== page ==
What makes a short sale better than a foreclosure?
A short sale has less of an impact on a homeowner’s credit score, so it may be possible to qualify for another mortgage within a shorter period of time. This is important if the homeowner is suffering from a short term financial setback or simply took on more of a mortgage than he really could afford at the urging of his realtor or mortgage brokers. Although a foreclosure does provide a time period in which the homeowner can become current during the course of the legal proceedings, if this is not a realistic possibility, then a short sale may be a better option. In addition, there is the possibility of a deficiency judgment after a foreclosure sale. During the negotiations with the lender during the course of getting a short sale approval, it is important to get an agreement that the deficiency will be forgiven after the short sale.
How will the short sale impact the homeowner’s credit score?
The reality is that a short sale will have a significant negative impact on the credit score and may lower a FICO credit score by 100 to 200 points, depending on the individual’s credit score, according to an article by Liz Weston of MSN Money. However, a foreclosure has the potential to lower a FICO score by significantly more.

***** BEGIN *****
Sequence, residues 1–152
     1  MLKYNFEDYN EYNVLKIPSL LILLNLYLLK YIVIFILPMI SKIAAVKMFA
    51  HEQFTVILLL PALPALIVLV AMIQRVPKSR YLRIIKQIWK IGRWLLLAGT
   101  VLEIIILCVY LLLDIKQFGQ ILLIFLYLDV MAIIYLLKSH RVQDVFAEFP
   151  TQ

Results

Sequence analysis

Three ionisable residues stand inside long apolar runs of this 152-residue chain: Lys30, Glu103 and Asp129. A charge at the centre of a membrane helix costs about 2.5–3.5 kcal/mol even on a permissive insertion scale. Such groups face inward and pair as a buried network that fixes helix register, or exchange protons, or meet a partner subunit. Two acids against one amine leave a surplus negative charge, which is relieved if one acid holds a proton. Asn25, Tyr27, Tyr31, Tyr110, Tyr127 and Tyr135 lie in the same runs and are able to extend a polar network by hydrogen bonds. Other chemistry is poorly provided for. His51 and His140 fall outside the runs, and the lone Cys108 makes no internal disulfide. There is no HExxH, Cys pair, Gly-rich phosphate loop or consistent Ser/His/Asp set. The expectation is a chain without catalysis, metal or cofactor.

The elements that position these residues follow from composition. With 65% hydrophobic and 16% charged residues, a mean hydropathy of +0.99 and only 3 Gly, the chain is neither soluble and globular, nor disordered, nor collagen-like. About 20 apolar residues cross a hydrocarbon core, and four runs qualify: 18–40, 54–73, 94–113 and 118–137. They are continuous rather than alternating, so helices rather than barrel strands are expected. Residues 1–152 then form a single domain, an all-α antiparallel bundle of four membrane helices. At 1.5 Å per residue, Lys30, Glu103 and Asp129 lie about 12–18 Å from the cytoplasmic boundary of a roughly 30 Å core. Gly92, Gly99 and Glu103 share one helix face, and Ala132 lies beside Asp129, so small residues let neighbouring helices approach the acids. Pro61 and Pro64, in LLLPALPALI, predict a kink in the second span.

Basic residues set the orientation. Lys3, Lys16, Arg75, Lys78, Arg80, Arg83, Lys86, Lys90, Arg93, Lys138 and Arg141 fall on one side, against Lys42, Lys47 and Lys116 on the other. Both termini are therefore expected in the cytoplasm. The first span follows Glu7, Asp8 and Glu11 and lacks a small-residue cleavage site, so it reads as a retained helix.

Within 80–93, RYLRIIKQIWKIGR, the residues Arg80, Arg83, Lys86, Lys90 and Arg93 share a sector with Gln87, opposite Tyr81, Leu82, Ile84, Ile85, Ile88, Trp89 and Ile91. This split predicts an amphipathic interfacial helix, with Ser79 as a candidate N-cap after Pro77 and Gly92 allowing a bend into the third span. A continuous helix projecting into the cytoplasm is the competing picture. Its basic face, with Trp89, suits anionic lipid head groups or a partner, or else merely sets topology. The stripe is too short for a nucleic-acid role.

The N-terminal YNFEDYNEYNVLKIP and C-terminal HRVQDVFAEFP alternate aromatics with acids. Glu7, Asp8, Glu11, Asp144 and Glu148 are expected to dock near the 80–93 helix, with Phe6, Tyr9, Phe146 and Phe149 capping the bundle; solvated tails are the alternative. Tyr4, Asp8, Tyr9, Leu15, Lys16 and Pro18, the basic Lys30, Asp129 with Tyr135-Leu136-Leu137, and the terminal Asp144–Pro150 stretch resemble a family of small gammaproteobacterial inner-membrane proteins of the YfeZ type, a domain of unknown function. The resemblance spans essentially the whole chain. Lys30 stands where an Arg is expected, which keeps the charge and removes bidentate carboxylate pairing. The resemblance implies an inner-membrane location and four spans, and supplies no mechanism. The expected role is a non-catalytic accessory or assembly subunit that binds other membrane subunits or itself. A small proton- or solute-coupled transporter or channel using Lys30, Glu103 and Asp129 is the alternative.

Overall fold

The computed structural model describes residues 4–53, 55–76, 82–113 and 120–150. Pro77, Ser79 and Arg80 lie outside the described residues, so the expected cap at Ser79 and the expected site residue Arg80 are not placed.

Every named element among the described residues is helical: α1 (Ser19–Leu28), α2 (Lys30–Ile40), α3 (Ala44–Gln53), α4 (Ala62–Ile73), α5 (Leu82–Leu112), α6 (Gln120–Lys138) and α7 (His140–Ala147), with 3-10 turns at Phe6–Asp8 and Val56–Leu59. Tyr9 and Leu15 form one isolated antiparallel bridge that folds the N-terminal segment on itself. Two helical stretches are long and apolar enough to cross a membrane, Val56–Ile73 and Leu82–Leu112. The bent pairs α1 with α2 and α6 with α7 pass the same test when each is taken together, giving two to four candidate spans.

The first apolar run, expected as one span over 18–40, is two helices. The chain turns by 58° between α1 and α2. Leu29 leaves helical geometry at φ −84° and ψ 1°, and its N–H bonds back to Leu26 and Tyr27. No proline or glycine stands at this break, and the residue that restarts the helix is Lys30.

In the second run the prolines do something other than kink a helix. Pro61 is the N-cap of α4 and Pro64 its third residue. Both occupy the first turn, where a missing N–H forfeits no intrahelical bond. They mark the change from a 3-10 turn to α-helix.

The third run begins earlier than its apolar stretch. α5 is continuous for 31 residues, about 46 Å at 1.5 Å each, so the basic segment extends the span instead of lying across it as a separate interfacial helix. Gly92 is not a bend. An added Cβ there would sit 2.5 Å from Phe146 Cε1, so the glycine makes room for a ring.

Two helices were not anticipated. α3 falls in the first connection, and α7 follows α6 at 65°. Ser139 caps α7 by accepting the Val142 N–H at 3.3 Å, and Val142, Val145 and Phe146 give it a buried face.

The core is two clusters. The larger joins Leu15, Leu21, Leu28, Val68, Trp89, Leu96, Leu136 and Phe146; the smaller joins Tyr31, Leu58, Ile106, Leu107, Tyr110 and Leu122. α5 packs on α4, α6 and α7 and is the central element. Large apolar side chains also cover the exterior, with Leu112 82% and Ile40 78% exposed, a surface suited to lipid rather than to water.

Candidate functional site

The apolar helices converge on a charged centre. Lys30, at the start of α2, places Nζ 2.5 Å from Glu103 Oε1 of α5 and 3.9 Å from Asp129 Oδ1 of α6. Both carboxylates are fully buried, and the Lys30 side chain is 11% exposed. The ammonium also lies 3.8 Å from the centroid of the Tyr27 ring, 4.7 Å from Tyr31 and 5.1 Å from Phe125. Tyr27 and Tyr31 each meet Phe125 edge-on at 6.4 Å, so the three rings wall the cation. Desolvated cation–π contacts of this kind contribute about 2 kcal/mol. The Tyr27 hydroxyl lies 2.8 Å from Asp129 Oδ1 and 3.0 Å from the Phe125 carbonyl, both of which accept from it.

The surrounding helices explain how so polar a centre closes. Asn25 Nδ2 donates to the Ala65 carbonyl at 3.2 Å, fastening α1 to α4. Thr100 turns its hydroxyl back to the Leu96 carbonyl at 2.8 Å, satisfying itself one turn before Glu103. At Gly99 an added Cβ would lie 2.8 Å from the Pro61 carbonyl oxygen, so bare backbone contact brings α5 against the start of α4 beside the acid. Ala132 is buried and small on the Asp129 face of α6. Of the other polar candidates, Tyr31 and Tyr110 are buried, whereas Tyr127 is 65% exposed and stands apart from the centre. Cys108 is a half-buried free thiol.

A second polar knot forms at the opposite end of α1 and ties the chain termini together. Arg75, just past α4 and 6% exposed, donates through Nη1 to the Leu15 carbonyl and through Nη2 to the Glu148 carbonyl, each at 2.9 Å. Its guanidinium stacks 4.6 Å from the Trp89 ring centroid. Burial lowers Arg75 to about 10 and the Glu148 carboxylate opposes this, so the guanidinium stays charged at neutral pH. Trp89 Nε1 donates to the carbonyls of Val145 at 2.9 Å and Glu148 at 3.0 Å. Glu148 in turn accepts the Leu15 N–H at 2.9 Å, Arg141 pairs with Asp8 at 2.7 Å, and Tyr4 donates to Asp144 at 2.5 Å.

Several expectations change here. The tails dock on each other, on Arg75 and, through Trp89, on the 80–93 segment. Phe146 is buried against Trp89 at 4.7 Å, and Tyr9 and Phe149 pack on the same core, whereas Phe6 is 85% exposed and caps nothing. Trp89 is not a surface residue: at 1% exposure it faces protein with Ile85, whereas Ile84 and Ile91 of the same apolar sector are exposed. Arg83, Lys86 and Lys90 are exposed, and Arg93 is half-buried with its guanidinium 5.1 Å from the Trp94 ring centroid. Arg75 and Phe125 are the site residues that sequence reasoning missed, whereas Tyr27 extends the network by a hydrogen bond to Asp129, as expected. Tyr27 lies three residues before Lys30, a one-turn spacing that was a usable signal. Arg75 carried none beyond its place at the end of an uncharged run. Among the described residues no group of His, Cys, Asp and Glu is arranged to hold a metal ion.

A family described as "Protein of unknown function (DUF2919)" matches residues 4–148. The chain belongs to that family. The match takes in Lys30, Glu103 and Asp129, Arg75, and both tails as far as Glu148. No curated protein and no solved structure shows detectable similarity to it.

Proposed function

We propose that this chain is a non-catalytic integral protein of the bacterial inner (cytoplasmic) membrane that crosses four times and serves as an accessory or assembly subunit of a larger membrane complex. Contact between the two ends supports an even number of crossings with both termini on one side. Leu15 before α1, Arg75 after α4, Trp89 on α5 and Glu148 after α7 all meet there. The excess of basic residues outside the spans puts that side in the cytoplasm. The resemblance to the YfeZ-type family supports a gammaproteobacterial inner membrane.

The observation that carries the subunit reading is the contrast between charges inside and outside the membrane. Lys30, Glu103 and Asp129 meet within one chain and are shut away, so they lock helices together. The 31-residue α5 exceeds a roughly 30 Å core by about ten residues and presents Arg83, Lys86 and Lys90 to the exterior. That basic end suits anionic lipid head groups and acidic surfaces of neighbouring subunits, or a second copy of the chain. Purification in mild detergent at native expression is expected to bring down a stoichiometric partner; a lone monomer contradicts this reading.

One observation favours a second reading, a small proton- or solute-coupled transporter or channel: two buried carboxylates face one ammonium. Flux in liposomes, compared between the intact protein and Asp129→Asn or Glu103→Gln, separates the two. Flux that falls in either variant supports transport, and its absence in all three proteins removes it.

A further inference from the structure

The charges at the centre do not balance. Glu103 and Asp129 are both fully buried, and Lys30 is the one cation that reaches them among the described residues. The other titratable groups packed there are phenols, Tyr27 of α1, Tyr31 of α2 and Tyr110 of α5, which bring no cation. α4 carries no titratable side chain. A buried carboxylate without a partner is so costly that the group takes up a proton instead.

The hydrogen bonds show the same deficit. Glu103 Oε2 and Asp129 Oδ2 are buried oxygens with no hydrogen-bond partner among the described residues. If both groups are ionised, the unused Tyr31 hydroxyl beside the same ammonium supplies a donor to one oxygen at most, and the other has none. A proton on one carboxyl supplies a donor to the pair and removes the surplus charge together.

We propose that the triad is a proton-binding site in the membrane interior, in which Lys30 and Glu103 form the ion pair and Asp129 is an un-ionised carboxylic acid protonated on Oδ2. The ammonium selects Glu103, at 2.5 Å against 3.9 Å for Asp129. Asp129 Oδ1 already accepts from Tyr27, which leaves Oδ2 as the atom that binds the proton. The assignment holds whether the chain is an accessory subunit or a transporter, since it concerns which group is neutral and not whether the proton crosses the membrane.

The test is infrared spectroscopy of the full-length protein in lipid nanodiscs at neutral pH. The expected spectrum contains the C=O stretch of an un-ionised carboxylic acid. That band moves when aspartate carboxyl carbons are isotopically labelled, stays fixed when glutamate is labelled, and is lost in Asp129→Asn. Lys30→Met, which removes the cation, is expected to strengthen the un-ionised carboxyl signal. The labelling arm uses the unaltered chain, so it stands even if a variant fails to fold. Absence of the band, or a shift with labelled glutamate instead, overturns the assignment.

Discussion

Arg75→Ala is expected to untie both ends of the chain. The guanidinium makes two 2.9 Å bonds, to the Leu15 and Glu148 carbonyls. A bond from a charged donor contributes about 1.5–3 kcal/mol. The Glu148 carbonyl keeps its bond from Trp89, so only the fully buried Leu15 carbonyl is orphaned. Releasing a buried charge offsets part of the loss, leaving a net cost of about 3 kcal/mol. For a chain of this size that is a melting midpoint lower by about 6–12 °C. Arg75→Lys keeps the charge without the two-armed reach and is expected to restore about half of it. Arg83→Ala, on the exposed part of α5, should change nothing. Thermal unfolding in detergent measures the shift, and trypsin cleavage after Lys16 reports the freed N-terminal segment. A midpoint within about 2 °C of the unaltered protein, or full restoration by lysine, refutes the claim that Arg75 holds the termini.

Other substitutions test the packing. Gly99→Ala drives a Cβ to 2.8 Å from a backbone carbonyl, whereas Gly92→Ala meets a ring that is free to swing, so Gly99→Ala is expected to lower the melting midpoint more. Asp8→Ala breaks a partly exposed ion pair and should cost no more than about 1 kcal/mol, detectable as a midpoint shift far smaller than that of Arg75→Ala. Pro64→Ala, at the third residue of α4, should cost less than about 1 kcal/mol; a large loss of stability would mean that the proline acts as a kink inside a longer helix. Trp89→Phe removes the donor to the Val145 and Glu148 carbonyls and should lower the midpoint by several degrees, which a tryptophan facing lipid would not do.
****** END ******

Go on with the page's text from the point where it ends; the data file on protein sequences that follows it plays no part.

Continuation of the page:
How does a homeowner get started with a short sale?
The first thing that a person should do is to contact an experienced short sale attorney. Not only can the right attorney assist in going through the short sale process, but they can sit down with the homeowner and analyze the situation to determine if there are other options, including negotiating a loan modification that brings the monthly payments within the means of the homeowner. In addition, a homeowner may fear foreclosure if he does not go forward with a short sale and not understand that he has viable foreclosure defenses that can be asserted if the lender were to move forward with that legal remedy.
The Crisp Law Firm, PLLC Fights for the Rights of Homeowners
In the current real estate market, there are many people who face the possibility of not being able to make monthly mortgage payments. The experienced and dedicated New Hampshire Short Sale and Real Estate Attorneys at The Crisp Law Firm, PLLC are ready to explain all of your options and help you get the best possible outcome. To schedule an initial consultation with one of our seasoned Concord Real Estate Lawyers, call us at (603) 225-5252 today.